I have been catching up on my scholarly reading and came across a very interesting study on the effects of carbohydrate consumption, timing, and performance. Definitely worth breaking it down and sharing it here on the blog!
Over the years I have worked with many athletes who are simultaneously trying to train to perform but also want to lose weight or improve body composition. This is tricky because some of the nutritional steps that need to be taken to lose weight could potentially impact training status and outcomes. This is why I found this “train high, sleep low” concept intriguing. It might have potential for those who are training to perform but also for those who are working to improve body composition.
The concept of “train high, sleep low” basically refers to manipulating carbohydrate consumption throughout the day so as to promote fat utilization but at the same time make sure that performance won’t be impacted.
- The “train high” component means that an individual would consume ample carbohydrate at the right time so as to provide enough glucose and glycogen availability allowing for them to perform a high intensity training session.
- “Sleep low” refers to limiting carbohydrate consumption after the high intensity workout sessions (and subsequently throughout the night while sleeping).
The small study referenced here involved three different groups with three different approaches:
- High-intensity training with high carbohydrate availability.
- Those who “slept low” with carbohydrates having been restricted.
- Fasted exercise.
- Decreased RPE by sleep-low group during submaximal exercise.
- Improved cycling efficiency during submaximal exercise by the sleep-low group.
- Decrease in heart rate by the sleep-low group.
- Decreased carbohydrate oxidation (i.e. used more fat as fuel) by the sleep-low group.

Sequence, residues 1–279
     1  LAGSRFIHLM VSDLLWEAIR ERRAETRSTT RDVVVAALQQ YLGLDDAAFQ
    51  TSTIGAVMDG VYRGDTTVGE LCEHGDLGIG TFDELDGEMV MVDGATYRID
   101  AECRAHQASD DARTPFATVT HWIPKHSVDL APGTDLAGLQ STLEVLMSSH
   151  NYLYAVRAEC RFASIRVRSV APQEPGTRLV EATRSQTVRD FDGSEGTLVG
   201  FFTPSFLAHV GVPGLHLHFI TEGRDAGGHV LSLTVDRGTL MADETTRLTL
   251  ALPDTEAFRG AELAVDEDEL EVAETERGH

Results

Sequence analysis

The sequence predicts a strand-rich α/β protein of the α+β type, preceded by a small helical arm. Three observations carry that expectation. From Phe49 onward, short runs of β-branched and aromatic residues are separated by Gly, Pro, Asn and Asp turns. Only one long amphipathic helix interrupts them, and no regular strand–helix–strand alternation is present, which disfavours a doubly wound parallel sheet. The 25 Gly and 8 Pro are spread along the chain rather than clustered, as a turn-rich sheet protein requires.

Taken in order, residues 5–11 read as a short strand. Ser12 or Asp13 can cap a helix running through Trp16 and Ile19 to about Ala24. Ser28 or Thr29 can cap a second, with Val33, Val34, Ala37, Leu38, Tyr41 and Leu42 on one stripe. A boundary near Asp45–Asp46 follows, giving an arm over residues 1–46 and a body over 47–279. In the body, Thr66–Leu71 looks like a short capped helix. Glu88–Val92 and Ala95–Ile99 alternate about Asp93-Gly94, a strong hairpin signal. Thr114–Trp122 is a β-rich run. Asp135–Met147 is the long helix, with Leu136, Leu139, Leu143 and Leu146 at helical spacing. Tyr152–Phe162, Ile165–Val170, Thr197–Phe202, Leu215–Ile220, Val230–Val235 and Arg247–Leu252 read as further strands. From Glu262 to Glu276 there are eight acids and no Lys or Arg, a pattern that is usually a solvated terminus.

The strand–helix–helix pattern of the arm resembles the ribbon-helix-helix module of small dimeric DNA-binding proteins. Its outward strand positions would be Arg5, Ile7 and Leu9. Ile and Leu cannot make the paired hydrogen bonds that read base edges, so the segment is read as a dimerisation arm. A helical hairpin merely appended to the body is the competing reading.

Although this study is small, it does present some interesting consideration for manipulating carbohydrate timing. This might bode well for active people who are trying to work on increasing fat utilization as a fuel source or to improve body composition. Caution would still need to be used for those training for performance over extended periods of time because lack of carbohydrate availability can impair energy production. It would make sense to have an athlete with body composition concerns address that during post or off-season. But for the recreational fitness enthusiast, this may have some potential to help with improving body composition.
A final note: If or when I do work with anyone who is looking to make nutritional changes to pursue their goals, I refer them to a registered or licensed dietitian. While it is important for me to understand these concepts, I also recognize my scope of practice.
Marquet, L., Brisswalter, J., Louis, J., Tiollier, E., Burke, L. M., Hawley, J. A., & Hausswirth, C. (2016). Enhanced Endurance Performance by Periodization of Carbohydrate Intake. Medicine & Science in Sports & Exercise, 48(4), 663-672. doi:10.1249/mss.0000000000000823